The Acting Superintendent of the Oakland Unified School District wants to overhaul the budget to shift more money to schools with needy students in neighborhoods with lots of stress.
Among other things, Dr. Gary Yee, acting superintendent, wants to change teacher pay and placement procedures so that certain schools don’t end up with the least experienced teachers.
Yee is expected to present the plan to the full board of education Wednesday night.
But even as board members, community members and even principals applaud the intent of Yee’s proposals, several are raising big red flags about some inadvertent harm it could cause.
At issue is an idea to centralize the process of assigning teachers to schools to bring more equity to assuring some experienced teachers end up at each school. Right now, schools in low income neighborhoods tend to have the least experienced teachers because of high turnover, where teachers get burned out and leave because of the greater challenges in high needs schools. Yee wants to fix that.
But doing so would take away some of the decision making power from school principals and school sites on answering school needs, some principals and community groups say.
“The folks I’m in touch with definitely do not want to move to average teacher salaries and do not want to move to a centralized staffing formula,” said principal Leo Fuchs, principal of Learning without Limits elementary school, testifying at a subcommittee hearing about the budgeting proposals earlier this fall. His school, on 40th Avenue in Oakland, serves mostly low income kids.
“We believe decisions is should be made by those closest to the kids and one of the most significant decisions we can make is how many teachers do we want and who do we want those teachers to be,” he said.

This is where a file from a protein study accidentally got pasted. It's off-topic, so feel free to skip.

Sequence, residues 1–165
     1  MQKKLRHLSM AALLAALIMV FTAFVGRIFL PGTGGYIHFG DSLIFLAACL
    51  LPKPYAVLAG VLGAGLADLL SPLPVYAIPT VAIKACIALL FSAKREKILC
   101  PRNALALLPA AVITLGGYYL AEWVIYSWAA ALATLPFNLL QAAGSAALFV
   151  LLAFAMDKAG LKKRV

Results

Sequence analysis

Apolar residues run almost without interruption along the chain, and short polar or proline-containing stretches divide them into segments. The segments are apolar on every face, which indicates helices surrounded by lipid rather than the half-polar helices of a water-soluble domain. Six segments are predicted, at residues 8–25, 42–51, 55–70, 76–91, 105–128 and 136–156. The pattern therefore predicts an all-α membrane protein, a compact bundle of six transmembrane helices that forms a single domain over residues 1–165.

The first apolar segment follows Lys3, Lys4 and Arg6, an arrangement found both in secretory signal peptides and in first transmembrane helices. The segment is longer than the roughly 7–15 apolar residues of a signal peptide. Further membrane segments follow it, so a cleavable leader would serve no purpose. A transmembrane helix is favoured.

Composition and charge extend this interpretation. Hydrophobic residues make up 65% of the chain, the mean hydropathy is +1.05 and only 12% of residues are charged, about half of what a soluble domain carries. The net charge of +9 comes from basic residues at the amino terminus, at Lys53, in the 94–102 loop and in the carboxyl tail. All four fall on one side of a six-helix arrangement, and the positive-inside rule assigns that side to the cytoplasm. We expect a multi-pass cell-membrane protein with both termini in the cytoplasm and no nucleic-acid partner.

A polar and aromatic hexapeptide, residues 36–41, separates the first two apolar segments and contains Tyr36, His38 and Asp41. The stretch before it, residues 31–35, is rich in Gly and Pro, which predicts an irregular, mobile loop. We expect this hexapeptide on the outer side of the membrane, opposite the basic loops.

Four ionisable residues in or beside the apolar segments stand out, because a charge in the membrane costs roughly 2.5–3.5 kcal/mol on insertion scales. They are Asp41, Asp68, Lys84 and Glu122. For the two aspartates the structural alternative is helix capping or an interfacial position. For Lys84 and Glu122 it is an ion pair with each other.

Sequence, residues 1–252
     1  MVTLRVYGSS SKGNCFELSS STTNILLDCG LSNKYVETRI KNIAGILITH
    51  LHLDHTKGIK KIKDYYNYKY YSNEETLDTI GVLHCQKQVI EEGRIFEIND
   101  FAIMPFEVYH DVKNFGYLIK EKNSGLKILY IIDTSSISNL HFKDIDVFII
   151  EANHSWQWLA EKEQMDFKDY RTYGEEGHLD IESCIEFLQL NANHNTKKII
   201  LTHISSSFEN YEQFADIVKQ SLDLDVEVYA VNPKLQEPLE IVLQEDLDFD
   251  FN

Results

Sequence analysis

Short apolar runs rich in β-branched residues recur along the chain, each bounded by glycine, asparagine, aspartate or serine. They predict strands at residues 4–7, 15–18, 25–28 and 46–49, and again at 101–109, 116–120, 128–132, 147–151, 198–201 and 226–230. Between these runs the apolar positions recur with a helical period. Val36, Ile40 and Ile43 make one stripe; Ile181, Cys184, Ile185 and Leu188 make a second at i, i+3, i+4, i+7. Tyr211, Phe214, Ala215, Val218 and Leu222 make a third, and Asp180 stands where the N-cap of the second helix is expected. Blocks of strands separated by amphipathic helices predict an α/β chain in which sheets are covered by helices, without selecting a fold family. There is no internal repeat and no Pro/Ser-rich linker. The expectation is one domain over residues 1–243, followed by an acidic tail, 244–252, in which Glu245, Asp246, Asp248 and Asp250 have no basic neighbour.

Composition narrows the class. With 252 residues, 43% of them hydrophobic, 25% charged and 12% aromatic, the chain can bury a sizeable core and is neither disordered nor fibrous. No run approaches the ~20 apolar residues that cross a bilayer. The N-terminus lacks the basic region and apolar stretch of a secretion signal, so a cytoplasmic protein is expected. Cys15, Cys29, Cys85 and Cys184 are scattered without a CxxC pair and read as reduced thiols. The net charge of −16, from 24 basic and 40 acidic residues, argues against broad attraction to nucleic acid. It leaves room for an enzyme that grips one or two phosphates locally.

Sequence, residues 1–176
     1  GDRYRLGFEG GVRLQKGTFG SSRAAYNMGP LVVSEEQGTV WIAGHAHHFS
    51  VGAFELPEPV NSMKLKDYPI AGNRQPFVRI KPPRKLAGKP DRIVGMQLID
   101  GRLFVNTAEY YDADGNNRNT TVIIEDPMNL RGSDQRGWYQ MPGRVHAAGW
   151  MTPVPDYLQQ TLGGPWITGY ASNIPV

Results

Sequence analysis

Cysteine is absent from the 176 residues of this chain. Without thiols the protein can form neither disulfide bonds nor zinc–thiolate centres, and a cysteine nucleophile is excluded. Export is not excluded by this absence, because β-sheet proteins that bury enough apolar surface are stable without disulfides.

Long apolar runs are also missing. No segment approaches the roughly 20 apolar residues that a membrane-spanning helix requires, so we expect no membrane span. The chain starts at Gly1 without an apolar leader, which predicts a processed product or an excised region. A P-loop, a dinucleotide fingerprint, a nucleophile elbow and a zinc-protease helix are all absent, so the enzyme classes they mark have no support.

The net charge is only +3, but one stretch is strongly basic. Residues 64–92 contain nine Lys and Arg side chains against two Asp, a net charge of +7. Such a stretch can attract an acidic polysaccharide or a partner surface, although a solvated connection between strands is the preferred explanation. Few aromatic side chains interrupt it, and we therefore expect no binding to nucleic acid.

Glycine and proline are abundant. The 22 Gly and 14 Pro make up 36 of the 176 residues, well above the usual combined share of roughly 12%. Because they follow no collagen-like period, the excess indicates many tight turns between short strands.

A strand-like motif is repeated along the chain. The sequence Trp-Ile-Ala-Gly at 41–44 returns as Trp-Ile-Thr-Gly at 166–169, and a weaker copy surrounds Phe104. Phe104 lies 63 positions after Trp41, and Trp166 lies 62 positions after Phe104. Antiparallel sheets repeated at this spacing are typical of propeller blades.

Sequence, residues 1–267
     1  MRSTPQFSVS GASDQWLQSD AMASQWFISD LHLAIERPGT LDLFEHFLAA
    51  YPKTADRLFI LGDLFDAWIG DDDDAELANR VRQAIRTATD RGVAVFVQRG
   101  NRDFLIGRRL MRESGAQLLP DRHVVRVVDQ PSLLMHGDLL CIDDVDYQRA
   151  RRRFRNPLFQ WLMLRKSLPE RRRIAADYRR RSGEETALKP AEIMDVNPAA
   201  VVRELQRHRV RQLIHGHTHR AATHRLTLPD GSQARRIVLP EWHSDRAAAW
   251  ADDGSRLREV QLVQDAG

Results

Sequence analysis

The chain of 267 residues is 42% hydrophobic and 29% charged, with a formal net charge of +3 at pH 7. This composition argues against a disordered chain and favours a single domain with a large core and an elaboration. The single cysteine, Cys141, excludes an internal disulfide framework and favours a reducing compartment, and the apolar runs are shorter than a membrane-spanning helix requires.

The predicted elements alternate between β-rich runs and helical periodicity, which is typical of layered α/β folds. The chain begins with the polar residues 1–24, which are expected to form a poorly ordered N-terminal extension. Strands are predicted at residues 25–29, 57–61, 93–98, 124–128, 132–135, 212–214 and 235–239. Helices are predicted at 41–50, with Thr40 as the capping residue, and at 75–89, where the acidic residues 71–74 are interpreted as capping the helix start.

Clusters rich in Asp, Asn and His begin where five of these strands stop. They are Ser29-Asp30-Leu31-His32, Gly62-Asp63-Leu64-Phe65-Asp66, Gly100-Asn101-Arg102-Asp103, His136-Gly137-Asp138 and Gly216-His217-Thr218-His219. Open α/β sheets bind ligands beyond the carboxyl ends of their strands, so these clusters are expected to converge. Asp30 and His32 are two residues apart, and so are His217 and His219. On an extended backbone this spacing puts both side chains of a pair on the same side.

“Do we want more people in the office or do we want more people doing intervention (reading and math help), Do we need a school security officer or so need more tutors for our kids?” Those kind of decisions could be lost, he feared.
For the past few years, the district has used what it calls Results Based Budgeting in which each school gets a set amount per student and then gets to make many of the decisions about how best to spend that money, outside of state mandated and contractual mandated spending.
Principal Amy Carozza of Coliseum College Prep middle and high school said that flexibility is needed to answer the needs of kids who come to school from traumatic backgrounds.
Yee, bemoaning the continued inequity in achievement and opportunity for kids in low-income neighborhoods compared with those in wealthier areas, said modernizing the RBB system “Is the right thing to do.”
Moreover, the state is moving to Local Control Funding Formula by which districts will receive more money to educate kids who are low income, English language learners or foster kids – but must also be accountable for spending it on those students.
The board of education discussion Wednesday night will likely touch on all these issues.
Great Oakland Public Schools, a community organization advocating for improving educational quality here, is asking parents and school leaders to come to the meeting. GO believes “schools need more money, now. Schools need more decision making power.” It wants to see data and details on how the budget changes would affect schools before the board makes a final decision.
Board president David Kakishiba described the whole budget process debate in a subcommittee meeting earlier this fall.
“The issue of equity is what the board is trying to grapple with,” Kakishiba said. He asked the district for more details on Yee’s plan.
Wednesday night’s meeting starts at 6 p.m. at La Escuelita Education Center at 1050 2nd Avenue, Oakland.